It’s not stealing if it’s innovating.
That’s one prickly way of describing the position of AI companies that rely on the internet’s copyrighted works to inspire their models.
This week, OpenAI, the company behind the culture-shifting AI chatbot ChatGPT, elaborated on its public case for rethinking intellectual property in the age of AI.
In response to the New York Times’ copyright infringement lawsuit against it and Microsoft (MSFT), OpenAI sought to clarify its business and motives, writing in a blog post: “Training AI models using publicly available internet materials is fair use, as supported by long-standing and widely accepted precedents. We view this principle as fair to creators, necessary for innovators, and critical for US competitiveness.”
In a submission responding to an inquiry of the UK Parliament late last year, the company wrote: “Because copyright today covers virtually every sort of human expression — including blogposts, photographs, forum posts, scraps of software code, and government documents — it would be impossible to train today’s leading AI models without using copyrighted materials.”
What makes OpenAI’s arguments interesting and consequential is the novelty of the debate.
It’s unclear to what extent existing copyright law speaks to AI and the process of ingesting existing material to train powerful models that aim to generate and capture new types of value.
But in a tech industry move that by now seems familiar, AI companies are acting as if their permissive interpretation of the law is the natural mode of engagement and as if restrictions don’t apply to them until they are proven wrong.
The maneuver resembles social media companies dodging accountability from real moderation responsibilities while reaping the rewards of publishing other people’s content. It also brings to mind the early days of ride-sharing and the gig economy, when popular apps rushed to claim market share while operating in a legal void.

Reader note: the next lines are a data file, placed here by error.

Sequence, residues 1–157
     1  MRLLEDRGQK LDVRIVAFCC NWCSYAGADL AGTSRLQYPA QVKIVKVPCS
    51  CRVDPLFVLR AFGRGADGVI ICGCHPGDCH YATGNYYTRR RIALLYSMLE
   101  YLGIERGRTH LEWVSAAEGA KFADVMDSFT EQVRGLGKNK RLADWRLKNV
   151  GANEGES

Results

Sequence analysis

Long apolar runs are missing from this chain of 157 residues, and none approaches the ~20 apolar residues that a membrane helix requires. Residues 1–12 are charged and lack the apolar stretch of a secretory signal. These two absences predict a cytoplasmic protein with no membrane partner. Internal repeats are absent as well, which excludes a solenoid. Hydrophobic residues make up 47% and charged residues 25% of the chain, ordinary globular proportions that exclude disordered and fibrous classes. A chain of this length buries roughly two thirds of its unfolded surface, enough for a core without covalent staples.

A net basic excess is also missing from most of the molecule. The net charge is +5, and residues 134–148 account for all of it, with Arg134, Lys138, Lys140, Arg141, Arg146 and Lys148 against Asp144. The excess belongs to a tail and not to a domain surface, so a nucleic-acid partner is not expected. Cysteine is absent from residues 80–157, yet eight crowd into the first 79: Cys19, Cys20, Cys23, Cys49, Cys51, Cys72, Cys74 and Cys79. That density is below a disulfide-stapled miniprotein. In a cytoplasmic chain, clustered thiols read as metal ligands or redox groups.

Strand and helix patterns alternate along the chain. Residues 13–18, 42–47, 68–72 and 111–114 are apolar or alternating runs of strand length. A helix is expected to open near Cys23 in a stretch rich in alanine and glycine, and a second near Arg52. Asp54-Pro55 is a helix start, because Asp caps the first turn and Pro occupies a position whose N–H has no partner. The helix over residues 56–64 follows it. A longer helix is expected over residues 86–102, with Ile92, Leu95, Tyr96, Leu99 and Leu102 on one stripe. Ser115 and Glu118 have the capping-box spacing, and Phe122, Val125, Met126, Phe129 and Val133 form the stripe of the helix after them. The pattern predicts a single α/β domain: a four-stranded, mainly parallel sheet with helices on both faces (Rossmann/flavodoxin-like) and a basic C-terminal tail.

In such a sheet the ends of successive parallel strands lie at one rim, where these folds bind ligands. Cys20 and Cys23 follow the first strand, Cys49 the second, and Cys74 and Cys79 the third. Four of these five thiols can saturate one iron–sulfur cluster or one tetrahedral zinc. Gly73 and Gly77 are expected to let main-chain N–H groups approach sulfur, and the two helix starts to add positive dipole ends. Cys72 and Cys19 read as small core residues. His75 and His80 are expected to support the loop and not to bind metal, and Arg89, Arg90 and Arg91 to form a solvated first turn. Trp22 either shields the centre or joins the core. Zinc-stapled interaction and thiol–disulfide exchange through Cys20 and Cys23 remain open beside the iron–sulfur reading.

And with both industries continuing to thrive while the law remains unsettled, AI companies must ask: Why tread lightly when inevitability is on your side?
To calm concerns over infringement, OpenAI is ramping up efforts to partner with more publishers. CNN, Fox Corp., and Time are among the outlets currently in talks with the AI company to share access to their content, Bloomberg reported Thursday.
But a licensing model introduces an array of obstacles on top of potentially onerous costs.
Sasha Luccioni, a research scientist at Hugging Face, an artificial intelligence startup, said imposing a new paradigm on AI companies would require a massive overhaul in how technologists train and deploy their models.
So far, AI companies have largely taken the path of hoovering up the internet to train large language models, or LLMs, without thinking too deeply about copyright, filtering, and licensing. Reorienting that process around meticulous curation, consent, and disclosure is essentially incompatible with the existing process.
Luccioni said pursuing a more careful approach isn’t impossible, but it would be a huge undertaking. “It essentially would be back to the drawing board for LLMs,” she said.
If LLMs are generally powered by massive amounts of data of dubious provenance, a new path would force companies to think about new ways of AI training, using much smaller pools of data — small language models, if you will.
Jack Stilgoe, a professor of science and technology policy at University College London, said OpenAI’s response highlights a classic tension among professed tech disruptors: To earn the public’s trust, new entrants have to prove they are playing by the rules while also styling themselves as rule-breakers, blazing a path to innovation.
Stilgoe said AI companies likely recognize the incongruence but see the technology moving so fast that the law simply can’t keep up. That’s what makes the legal cases so important. If copyright holders continue to press their challenges, they threaten the whole structure of LLM systems. “It could bring down the whole house of cards,” he said.
But applying a traditional interpretation of copyright law to the novel use of AI could unleash other perverse effects. If AI models are walled off from the most authoritative sources, like trustworthy news outlets or big science publications, future LLMs could be even less trustworthy and reliable, degraded by exposure to inferior sources.
Those risks are amplified by existing concerns over misinformation and “hallucinations,” in which AI tools present false information as fact with all the confidence of an all-knowing, anthropomorphized computer.
“In a world where asymmetries of information matter more than ever,” Stilgoe said, “you can imagine those concerns only growing in which LLMs are mediating and accelerating people’s access to information.”